I've done a lot of research into what makes a great leader, along with what inspires employees to perform their best. For executives managing rapid growth, these strategies take on heightened importance.

As you're onboarding a multitude of new customers and boosting headcount to meet demand, you're also tasked with maintaining an engaged workplace. It's not an easy thing to do. 

To get a real sense of what leaders of rapid-growth companies deal with, I spoke with Lily Shen, President and COO of Transfix, the NYC-based freight marketplace that connects supply chain professionals to truckers around the U.S. 

Shen is no stranger to growth, having worked for eBay, Wealthfront and IDEO before joining Transfix. She described three important tips for leaders during rapid scaling: 

1. Inspire a shared vision and celebrate wins.  

When growing rapidly, you know you're solving a real need. But as you stretch, you often have to ask a lot of your staff. There are plenty of late nights and weekends, with employees crossing over to handle double duty as headcount catches up to demand. If your mission is not clear, you are liable to lose folks who won't think the hustle is worthwhile.

Shen's view is that leaders must communicate company goals properly and inspire a shared vision that motivates employees to go above and beyond. Shen shares, "Startups have big, audacious goals and they seek to drive impact and positive change for the future. It doesn't happen overnight. It's a marathon filled with sprints, so it's important to make sure that everyone is working together to bring that vision to life and to celebrate wins along the way."

Ensuring strong communication and goals is critical, she says, so the team knows exactly how their hard work is contributing to the overarching goals.

2. Identify leaders who can adapt and grow -- and invest in them.

Rapid growth also means that the shape of your organization will change quickly, and leadership needs to be strategic, creative and empathetic to adjust effectively as that happens.

Shen says that strong leaders with multidisciplinary backgrounds and team-building skills are best at understanding a company's shape today, and to partner with to build the right teams and organization for tomorrow.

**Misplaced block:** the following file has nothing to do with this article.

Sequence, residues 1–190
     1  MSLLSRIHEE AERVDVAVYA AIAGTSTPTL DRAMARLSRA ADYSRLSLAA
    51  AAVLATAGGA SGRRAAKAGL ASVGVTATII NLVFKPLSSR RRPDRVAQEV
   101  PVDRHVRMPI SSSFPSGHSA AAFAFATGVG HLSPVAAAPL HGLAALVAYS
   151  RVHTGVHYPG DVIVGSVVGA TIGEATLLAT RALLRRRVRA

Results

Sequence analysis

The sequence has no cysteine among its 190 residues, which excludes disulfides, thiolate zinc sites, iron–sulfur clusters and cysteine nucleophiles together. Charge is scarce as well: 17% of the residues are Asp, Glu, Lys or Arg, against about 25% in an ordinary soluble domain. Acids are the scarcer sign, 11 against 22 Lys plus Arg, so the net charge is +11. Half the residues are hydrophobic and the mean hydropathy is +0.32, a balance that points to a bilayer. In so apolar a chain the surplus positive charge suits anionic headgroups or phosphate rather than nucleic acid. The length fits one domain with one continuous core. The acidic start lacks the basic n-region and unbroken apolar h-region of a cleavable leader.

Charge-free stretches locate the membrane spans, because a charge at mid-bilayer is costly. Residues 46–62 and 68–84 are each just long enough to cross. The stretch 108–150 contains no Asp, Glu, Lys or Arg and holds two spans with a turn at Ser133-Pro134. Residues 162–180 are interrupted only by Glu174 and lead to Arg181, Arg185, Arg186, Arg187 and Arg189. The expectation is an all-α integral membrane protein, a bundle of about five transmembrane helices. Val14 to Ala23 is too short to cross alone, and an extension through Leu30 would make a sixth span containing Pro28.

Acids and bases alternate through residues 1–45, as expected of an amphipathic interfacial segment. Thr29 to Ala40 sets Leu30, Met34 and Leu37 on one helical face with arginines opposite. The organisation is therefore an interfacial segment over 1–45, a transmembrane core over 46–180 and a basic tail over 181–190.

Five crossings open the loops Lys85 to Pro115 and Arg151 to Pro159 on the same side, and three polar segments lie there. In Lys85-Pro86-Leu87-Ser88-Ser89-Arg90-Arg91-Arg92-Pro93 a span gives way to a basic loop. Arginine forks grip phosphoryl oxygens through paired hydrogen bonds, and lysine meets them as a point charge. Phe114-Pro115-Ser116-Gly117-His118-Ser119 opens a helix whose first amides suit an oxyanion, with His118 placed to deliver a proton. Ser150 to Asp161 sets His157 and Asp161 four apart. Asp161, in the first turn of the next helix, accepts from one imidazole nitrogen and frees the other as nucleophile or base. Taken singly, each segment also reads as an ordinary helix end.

"We're constantly investing in diversity at an individual and team level. We look for functional or industry experts who are generalists with analogous experiences, who are scrappy and who have seen what great looks like. No matter their background, they must share the capacity, curiosity and hunger to grow with the business, to tackle new challenges, to take on more, and who seek to be leaders, directly or indirectly."

Shen suggests building a strong network of diverse, top talent, and not being afraid to access the channels around you. 

"Making the right hires and identifying top talent across the organization is critical to the company's success, at every stage. The business and organization will continue to evolve, especially in high-growth. You need leaders who are dedicated to pushing the status-quo and building systems, rolling up their sleeves and inspiring others to follow. Even if a specific role is not open, you need to constantly meet outstanding candidates with diverse backgrounds and be open-minded about how, where and when the individual can have impact. This is core to our ongoing hiring strategy and enables us to bring on the best talent quickly. "

3. Focus on goals, but be creative in how you get there.

It can take a while to find this type of talent, but the old adage of "hire slow" doesn't necessarily apply to rapidly-growing startups. Demand for talent often outpaces supply, especially in competitive markets. Getting creative about organizational shape and the talent you have on-hand can help to solve that issue. 

"Sometimes you also need to adapt the organization to fit the talent," said Shen. "You hire for what you expect, but you must also deploy existing resources strategically. Giving individuals opportunities to take on new challenges can be highly beneficial for the organization. As the company grows, leaders across the organization will have a better understanding and appreciation for how other areas of the company work. This leads to stronger collaboration, better solutions, and shared learning." 

That shared learning stems from team diversity, not just in terms of age or race, but in terms of experience. 

"Whether it's Stanford grads collaborating with industry veterans with 20+ years of logistics experience, of engineers and data scientists working with operations, it's always about constantly connecting and bringing together the best of tech and key experts in and across functions and industries to evolve. It's a recipe that works for any industry."